OKLAHOMA CITY – Following Oklahoma’s second-coldest April, the state had its hottest May.
Oklahoma’s statewide average temperature for May was 74.6 degrees, breaking the previous record of 74 degrees set in 1962, according to state Climatologist Gary McManus. Data dates to 1895.
“The jet stream retreated to the north a little bit earlier than it usually does, that’s what usually happens during the summer months,” McManus said Friday. “That left us south of the jet stream to bake in the heat.”
Daytime highs consistently reached the 90s, with temperatures above 100 during the final week. High temperatures include 104 degrees and a heat index of 113 in Grandfield in southwestern Oklahoma on the final day of the month.
“It’s just not what we expect from May, more of a June- or July-type pattern,” McManus said. “I don’t know what you could attribute that to.”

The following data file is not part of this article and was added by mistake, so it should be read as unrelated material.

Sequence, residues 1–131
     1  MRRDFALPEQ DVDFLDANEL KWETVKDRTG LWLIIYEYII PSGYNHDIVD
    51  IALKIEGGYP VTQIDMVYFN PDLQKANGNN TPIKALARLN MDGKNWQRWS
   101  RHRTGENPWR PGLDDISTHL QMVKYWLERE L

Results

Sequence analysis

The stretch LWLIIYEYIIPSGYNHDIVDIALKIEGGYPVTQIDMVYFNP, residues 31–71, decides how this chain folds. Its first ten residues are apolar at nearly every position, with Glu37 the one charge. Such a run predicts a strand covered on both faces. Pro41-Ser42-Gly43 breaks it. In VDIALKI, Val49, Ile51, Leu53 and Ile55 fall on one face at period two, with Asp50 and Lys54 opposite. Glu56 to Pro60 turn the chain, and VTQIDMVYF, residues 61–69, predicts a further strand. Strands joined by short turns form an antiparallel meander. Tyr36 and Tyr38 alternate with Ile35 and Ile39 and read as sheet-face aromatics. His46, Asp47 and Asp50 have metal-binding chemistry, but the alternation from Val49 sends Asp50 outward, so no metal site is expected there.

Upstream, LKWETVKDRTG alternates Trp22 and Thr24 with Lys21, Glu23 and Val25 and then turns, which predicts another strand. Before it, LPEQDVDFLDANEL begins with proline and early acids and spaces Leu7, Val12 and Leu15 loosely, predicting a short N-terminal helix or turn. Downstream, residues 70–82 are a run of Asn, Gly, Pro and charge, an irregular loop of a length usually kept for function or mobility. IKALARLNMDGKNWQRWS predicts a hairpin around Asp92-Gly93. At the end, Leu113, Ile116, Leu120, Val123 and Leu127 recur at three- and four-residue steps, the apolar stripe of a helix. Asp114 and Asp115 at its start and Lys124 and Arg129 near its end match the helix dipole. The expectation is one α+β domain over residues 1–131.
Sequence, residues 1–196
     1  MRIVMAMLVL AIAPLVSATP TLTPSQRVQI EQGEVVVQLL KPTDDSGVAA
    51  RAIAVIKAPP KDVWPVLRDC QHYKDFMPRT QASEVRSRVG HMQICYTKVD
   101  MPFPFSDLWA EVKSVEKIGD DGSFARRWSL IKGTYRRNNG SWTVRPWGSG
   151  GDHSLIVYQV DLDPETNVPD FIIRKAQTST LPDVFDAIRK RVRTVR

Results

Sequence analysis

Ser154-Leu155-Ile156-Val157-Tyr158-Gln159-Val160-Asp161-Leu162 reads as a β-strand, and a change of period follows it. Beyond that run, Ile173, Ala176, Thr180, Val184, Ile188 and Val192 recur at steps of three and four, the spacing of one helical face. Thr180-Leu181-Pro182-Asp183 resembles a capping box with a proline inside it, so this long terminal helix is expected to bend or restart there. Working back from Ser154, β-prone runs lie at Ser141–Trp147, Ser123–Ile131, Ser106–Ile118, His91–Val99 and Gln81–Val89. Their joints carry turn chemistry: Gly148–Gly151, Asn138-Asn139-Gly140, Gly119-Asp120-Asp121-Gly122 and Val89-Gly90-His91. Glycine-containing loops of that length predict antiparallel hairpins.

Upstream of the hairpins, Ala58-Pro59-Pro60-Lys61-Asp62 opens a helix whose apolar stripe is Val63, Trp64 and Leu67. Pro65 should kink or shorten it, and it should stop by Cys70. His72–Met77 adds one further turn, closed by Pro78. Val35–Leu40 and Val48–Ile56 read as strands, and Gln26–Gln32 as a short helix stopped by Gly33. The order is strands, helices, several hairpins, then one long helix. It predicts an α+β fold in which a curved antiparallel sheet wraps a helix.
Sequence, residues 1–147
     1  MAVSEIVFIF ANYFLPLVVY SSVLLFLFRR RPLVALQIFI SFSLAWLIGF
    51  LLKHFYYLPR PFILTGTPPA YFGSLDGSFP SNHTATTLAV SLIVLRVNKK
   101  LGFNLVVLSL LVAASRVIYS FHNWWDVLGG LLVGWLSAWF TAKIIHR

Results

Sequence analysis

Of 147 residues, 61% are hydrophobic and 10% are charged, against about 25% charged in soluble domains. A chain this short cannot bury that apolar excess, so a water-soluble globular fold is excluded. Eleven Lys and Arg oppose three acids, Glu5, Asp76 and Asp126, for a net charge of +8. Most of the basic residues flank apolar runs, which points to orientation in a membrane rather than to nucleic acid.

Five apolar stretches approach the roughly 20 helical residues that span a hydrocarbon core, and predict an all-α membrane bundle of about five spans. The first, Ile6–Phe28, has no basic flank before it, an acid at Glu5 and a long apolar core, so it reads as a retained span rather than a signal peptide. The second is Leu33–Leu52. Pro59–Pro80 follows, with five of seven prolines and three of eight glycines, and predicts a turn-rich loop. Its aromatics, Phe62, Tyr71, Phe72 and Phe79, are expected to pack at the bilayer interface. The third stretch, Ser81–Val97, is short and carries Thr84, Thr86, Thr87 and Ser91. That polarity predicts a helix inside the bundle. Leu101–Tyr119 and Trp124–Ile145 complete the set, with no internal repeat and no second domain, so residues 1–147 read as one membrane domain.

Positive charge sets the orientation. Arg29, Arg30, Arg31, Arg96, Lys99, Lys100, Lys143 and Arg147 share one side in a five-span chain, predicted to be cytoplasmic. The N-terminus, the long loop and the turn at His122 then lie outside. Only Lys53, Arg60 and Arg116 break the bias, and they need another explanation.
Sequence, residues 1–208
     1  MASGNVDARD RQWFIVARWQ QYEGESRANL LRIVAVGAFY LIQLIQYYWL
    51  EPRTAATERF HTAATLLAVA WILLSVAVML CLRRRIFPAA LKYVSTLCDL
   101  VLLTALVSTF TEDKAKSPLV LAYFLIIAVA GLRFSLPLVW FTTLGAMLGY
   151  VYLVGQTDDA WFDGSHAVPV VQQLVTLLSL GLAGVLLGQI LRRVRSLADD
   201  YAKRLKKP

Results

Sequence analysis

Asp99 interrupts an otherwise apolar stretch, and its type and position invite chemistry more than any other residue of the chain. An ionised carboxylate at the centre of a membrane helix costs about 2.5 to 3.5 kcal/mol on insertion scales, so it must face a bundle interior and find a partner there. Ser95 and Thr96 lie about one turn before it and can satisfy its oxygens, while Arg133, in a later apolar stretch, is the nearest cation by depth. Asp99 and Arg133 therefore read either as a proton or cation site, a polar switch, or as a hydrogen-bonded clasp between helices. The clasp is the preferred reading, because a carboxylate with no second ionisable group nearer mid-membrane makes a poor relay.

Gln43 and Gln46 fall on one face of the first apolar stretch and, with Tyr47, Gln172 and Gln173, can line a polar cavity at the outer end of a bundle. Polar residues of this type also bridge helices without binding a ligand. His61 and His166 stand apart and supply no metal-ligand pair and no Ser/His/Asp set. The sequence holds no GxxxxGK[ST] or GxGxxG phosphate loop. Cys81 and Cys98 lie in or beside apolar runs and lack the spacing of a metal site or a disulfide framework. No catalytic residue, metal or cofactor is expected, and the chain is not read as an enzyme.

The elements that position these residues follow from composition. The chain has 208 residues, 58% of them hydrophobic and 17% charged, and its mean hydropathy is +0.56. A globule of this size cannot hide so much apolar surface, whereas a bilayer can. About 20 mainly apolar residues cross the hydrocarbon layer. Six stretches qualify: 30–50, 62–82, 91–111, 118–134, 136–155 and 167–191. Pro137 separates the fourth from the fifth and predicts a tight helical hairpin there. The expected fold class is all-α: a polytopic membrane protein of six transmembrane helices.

The western third of the state and the Panhandle remained in extreme to exceptional drought, as did large areas of New Mexico and Arizona and portions of Colorado, Kansas, Texas and Utah.
In Altus, cotton and wheat farmer Joe Kelly said the heat is taking a toll on cotton, normally a hot-weather crop.
“It’s too hot. I used to say you couldn’t get too hot for cotton, but the little seedlings are having a difficult time” emerging from the dry land, unless it’s well irrigated. “We just need some more moisture,” Kelly said.
The outlook for moisture anytime soon is not good, McManus said.
“It looks pretty bleak, at least over the next couple of weeks. It looks like it’s going to be hot and fairly dry over most of the state,” McManus said. “If the first couple of weeks of June are dry and warm, that’s not a particularly a good omen. It’s been summer since early May.”
Rainfall totals varied widely statewide during May, even areas near each other, according to the Climatological Survey.
Alva in northwest Oklahoma recorded 9.2 inches of rain during the month, more than 5 inches above normal, while Fairview, 40 miles away, received 1.5 inches, more than 2 inches below average.